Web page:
His convoluted defense worked, however, and he was soon free. He wisely left court and retired to St. Albans and spent a year writing "Preservative against the Poison of supposed Prophecies," an attack on judicial astrology. The book, published in 1583, was revised and reissued in 1621, was suspected of containing veiled references which could be interpreted as treason, and Sir Henry was sent to Fleet Prison. It was whispered that Queen Mary had sent him a ring with a message that she "did repute him as his brother".
His luck held out, and he was released, but he soon found that his
questionable reputation made him something of a pariah, a "papist and a
Spaniard", and found himself without any means livelihood.
At the close of the reign of Queen Elizabeth I, he joined with Robert Cecil in courting the heir to the throne in Scotland, the main object of his long letters of advice being to poison King James VI's mind against Sir Walter Raleigh and other rivals, whom he at the same time hoped to ensnare into compromising relations and correspondence with Spain. These methods, which could not influence Elizabeth, were completely successful with James, and on the latter's accession Howard received a multitude of favours. In 1603 he was made a privy councillor, and in 1604 he was made lord warden of the Cinque Ports and Earl of Northampton and Baron Howard of Marnhull in Dorset.
He was one of the judges at the trials of Raleigh and Lord Cobham in 1603, of Guy Fawkes in 1605, and of Garnet in 1606, in each case pressing for a conviction. The climax of his career was reached when he assisted his grandniece, Frances Howard, Lady Essex, daughter of Thomas Howard, first Earl of Suffolk, and his pretty wife Catherine Knyvett, in obtaining her divorce from her husband, Robert Devereux, third Earl of Essex, in order to marry the favourite Robert Carr, Earl of Somerset, whose mistress she already was and whose alliance Northampton was eager to secure for himself. He obtained the divorce by the decree of a special commission, and when Sir Thomas Overbury's influence seemed likely to prevent Somerset from completing the marriage project, he caused Overbury to be imprisoned in the Tower of London. Shortly afterward Overbury died from the effects of poison administered according to the wishes of Lady Essex; and the close intimacy which existed between Lady Essex and Northampton leaves his name tarnished with suspicion. He advised against the summoning of Parliament in 1614 and then fomented disputes to compel James to dissolve it.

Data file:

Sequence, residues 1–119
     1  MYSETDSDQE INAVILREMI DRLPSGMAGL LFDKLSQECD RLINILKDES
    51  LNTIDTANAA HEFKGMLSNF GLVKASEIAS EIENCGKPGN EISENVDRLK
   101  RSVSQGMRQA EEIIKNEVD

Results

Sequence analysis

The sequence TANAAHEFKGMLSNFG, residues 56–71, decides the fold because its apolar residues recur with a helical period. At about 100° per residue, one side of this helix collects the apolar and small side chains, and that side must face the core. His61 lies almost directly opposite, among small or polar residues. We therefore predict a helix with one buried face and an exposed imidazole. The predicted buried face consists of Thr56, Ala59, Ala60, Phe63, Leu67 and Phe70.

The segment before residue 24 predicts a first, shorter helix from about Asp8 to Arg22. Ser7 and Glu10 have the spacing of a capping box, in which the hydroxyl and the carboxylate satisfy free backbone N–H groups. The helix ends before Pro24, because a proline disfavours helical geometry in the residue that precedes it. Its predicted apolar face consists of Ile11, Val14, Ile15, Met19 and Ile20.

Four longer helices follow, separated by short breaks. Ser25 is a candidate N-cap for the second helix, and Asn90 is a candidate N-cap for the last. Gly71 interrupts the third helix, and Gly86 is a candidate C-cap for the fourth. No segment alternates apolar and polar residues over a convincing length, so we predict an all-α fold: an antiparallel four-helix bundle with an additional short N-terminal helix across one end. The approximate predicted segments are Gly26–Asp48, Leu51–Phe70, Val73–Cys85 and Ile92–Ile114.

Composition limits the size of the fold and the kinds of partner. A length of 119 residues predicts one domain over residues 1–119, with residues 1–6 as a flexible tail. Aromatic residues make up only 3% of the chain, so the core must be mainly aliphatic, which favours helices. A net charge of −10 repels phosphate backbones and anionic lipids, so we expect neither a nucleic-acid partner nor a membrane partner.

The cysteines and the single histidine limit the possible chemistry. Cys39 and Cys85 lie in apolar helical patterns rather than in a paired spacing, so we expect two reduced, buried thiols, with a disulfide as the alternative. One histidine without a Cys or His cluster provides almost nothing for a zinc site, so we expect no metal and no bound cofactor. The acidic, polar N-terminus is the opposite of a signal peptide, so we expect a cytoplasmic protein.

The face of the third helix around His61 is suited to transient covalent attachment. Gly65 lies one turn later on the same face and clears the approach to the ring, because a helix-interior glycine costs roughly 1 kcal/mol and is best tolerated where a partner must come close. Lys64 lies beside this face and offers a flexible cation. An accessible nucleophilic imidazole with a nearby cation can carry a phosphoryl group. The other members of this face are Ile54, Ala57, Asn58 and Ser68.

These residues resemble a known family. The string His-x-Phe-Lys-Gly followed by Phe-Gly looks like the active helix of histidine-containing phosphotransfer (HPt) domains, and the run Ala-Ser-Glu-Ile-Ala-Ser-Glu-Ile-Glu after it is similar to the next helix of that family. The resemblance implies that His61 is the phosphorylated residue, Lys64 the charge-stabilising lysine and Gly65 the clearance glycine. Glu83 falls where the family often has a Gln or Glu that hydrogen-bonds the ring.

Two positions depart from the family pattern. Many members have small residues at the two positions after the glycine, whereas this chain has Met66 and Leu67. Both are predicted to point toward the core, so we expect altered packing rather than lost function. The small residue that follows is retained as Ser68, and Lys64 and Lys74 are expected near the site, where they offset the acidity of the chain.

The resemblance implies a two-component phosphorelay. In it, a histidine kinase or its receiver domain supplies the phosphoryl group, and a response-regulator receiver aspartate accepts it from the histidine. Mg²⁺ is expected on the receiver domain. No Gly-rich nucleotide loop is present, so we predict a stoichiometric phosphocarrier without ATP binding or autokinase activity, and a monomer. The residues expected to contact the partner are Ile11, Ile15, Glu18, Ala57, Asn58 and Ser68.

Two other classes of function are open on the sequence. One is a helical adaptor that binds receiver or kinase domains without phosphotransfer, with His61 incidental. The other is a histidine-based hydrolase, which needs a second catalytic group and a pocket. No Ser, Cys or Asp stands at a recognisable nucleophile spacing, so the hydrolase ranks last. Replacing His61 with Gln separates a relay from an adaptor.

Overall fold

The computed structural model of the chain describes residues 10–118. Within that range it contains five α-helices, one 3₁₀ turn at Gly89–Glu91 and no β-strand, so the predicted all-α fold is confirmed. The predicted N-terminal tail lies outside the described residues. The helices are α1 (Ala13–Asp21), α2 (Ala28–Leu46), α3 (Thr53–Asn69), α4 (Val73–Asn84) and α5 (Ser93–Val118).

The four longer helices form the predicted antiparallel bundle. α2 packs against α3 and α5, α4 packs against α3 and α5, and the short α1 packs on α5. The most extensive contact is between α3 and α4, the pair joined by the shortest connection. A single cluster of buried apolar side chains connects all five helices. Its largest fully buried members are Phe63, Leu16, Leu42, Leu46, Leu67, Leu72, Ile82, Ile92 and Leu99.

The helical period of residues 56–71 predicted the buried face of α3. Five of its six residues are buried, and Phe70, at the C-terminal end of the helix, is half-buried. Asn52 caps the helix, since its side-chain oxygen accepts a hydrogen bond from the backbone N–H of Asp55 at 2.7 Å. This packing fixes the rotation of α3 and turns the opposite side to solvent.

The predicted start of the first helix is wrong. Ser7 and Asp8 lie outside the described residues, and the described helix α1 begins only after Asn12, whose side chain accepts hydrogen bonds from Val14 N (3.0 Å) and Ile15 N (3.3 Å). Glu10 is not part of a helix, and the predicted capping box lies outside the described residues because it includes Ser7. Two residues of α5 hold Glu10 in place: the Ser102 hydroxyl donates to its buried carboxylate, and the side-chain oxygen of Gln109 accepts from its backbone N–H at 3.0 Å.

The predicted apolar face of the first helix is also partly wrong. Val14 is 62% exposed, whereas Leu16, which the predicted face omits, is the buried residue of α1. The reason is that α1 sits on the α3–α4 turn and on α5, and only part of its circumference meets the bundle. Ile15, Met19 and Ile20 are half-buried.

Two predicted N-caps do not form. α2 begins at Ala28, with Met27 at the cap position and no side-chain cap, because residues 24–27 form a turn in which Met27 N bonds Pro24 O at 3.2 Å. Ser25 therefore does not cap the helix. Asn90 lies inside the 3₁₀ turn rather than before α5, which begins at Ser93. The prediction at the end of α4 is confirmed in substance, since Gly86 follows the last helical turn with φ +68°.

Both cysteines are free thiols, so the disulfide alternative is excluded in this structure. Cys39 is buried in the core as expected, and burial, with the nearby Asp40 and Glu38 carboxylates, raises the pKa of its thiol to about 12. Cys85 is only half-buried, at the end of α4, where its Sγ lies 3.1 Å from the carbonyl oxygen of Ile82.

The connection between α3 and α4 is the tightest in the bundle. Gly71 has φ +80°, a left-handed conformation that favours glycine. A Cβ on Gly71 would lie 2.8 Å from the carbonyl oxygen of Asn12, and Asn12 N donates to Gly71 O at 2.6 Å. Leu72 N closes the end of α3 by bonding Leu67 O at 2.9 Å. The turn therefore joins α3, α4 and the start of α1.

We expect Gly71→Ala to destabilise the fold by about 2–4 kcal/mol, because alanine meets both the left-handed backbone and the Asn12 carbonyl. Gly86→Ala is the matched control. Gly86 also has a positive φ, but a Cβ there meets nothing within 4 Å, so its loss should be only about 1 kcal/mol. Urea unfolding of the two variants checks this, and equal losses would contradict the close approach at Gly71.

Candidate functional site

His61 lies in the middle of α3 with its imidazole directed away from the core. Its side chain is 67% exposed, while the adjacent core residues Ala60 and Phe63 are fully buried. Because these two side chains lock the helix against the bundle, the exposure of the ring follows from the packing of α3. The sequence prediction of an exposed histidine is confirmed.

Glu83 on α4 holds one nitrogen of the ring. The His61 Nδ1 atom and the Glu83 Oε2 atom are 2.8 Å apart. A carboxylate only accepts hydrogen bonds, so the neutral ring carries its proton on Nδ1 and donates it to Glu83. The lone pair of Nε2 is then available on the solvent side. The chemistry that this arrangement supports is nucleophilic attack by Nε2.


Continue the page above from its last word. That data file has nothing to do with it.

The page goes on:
Perhaps not the must sensitive politician, he found himself competing with Prince Charles for the Chancellorship of Cambridge University. His wealth and learning seem to have easily secured his election. A tad bit late, he realized that King James resented the university's action, and he immediately resigned. He spent the next few months convincing the King he meant no disrespect to the royal family. A master at suppleness and flattery, he not only succeeded but was reappointed to the Chancellorship at a new election.
He continued a favorite at court and spent the rest of his life fully immersed in the endless and traitorous intrigues. Despite his lack of principles, Sir Henry was a brilliant and versatile talent. A witty and charming man, he was acknowledged as the most learned nobleman of his day. His taste in architecture is evidenced by his enlargement of Greenwich Castle, and by the magnificence of his London resident, now known as Northumberland House. He planned and endowed three hospitals, one at Clun, Shropshire, a second at Castle Rising, County Norfolk, and a third at Greenwich, called Norfolk College. He personally laid the foundation stone of Greenwich College.
He died unmarried, a Roman Catholic, in 1614, following an unskillful operation and was buried first in the chapel of Dover Castle and later, in 1696, removed to the chapel of Greenwich College by the Mercers' Company. His title became extinct.